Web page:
Stadium size: why bigger developments are not necessarily better

And why modest developments might be a better option for Australian sports arenas

To state the obvious, Australians love sport. We’re often led by sports fans too. We’ve had a prime minister declare being the nation’s cricket captain is the pinnacle of human achievement. While another famously said "I tell you what, any boss who sacks anyone for not turning up today is a bum!” after Australia’s historic 1983 America’s Cup win.

Our last PM was a rugby league regular at Cronulla Sharks games, and our current PM often dons the cardinal and myrtle (red and green) of the Rabbitohs.

So, if we love sport so much, we must be filling our stadiums every week? Surely, we must need to expand our venues to meet increasing demand?

Empty stadium seats

We’re familiar with queues at big events. But anyone who has gone to a mid-round game in the dead of winter will also be familiar with the empty seat problem. As a fan, it’s not a great experience. Part of the appeal of going to a live game is the atmosphere, which is harder to create when the stadium stand is mostly empty.

For a range of reasons - television coverage, game start times, transport, etc. - sport fans often choose to stay home and only venture out for big games like finals, state clashes, or international headliners.

This leaves stadium operators with a difficult decision. How do they cater for big events as well as make sure the smaller games have an engaging fan experience?

Stadium development: a portfolio approach

Increasingly, the answer is found in running a portfolio of stadiums and arenas. This means that bigger is not always better.

Realistically, capital cities in Australia only need two major stadiums – one with an oval, the other with a rectangle field with capacities of over, say, 50,000. This is the current trend in the east coast capitals and is on the whole operating successfully.

The challenge for the stadium portfolio approach is getting the scale of the smaller infrastructure right. Too often the temptation is to increase the capacity of smaller arenas to equip them for larger events. So, they’re built to a higher capacity and specification than is required. This adds maintenance and operating costs, without necessarily improving event-day revenue.

With Australia’s relatively small population and range of sporting codes, it’s important to make sure we look at appropriate global benchmarks for what makes sense here.

Global lessons for stadium infrastructure success

Although some might hope (or dream) that Australia could one day match America’s National Football League or the English Premier League where there are plenty of stadiums seating 30,000+ fans and several accommodating more than 50,000.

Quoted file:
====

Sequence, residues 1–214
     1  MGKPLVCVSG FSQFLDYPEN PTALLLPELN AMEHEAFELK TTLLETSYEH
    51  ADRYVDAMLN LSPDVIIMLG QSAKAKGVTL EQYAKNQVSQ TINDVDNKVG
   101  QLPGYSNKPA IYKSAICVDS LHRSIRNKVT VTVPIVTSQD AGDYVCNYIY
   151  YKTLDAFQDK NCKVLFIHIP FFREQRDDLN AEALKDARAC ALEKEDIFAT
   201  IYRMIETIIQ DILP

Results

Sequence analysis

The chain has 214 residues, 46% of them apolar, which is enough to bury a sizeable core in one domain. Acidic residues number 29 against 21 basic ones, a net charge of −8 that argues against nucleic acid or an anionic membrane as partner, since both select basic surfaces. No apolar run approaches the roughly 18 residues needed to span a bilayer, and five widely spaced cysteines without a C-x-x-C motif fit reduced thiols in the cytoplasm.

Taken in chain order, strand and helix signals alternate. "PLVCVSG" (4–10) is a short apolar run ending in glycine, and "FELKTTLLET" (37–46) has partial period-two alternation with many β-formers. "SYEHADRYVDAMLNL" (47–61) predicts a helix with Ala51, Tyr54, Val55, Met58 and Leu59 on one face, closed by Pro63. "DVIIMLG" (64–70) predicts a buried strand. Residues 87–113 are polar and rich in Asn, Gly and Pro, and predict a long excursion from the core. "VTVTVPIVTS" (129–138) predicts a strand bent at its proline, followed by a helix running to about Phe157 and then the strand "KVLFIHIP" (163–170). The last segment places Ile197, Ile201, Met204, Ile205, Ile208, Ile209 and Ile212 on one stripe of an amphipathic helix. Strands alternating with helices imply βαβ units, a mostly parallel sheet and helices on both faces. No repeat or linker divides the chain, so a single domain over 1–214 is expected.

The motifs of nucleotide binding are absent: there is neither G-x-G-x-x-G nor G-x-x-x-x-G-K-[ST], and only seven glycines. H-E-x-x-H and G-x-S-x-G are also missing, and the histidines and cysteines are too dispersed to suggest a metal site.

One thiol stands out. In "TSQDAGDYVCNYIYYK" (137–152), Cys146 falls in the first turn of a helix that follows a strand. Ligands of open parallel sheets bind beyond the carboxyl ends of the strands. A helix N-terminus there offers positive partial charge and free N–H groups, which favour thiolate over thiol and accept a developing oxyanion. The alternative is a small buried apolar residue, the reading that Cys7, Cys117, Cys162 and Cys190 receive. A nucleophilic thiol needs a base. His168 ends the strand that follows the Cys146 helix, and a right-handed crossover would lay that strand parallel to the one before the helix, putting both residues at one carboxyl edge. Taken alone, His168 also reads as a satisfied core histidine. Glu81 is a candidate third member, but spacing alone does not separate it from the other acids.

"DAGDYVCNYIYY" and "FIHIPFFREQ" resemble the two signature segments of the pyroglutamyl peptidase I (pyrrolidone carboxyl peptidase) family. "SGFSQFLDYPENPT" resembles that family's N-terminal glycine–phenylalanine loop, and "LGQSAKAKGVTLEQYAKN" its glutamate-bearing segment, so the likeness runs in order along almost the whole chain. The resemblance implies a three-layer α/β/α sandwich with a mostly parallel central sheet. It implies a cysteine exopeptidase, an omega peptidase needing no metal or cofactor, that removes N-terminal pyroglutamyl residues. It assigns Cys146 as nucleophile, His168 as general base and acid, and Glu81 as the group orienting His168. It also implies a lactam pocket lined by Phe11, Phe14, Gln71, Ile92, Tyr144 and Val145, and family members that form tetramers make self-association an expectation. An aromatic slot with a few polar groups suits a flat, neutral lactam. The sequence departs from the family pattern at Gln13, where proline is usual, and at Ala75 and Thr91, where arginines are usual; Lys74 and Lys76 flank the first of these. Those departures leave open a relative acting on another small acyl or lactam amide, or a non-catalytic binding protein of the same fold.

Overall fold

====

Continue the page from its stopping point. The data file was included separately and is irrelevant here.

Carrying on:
In reality it’s more realistic and helpful to look at the emerging national soccer league in the United States or Premiership Rugby in the UK. In both cases the approach has been to pursue more modest stadium redevelopments - usually with seat capacities of between 10,000-25,000. These developments are centred around providing fan experiences that are tailored to the specific location.

These stadiums provide a useful guide for how to engage local fans, and create and build the fan experience and following to draw people to live games. Importantly, many of these stadiums cater for multiple codes. For example, Brentford Community Stadium in west London, which has a capacity of around 17,000, is home to both rugby and football (soccer) teams. Kingston Park in the UK’s north-east is also a multi-purpose stadium used for rugby union, rugby league and football, with a capacity of 10,200.

A new approach to stadium planning and development

A more nuanced approach to stadium development makes sense for Australia. While we’re sports mad, we need to make sure we’re not unnecessarily over-investing in large arenas. We need to ensure we’re injecting resources into a range of smaller multi-purpose venues to cater for our population and wide-ranging sporting tastes.

A new type of stadium model for Australia can be smaller and more flexible, with investments focused on greater digital capability, improved fan experiences, greater choice of food and beverage and better corporate hospitality offerings. This portfolio approach offers stadium operators better operating margins, lower maintenance costs and, importantly, gives the fans and athletes (and performers) a better event-day experience.

As Queensland prepares for the 2032 Olympics, Victoria for the 2026 Commonwealth Games, and other governments evaluate their facilities – now is the time for decision makers to consider what is a better investment: pursuing smaller, high quality stadium developments that offer flexibility, or continue to chase the bigger capacities that historically have been the focus?


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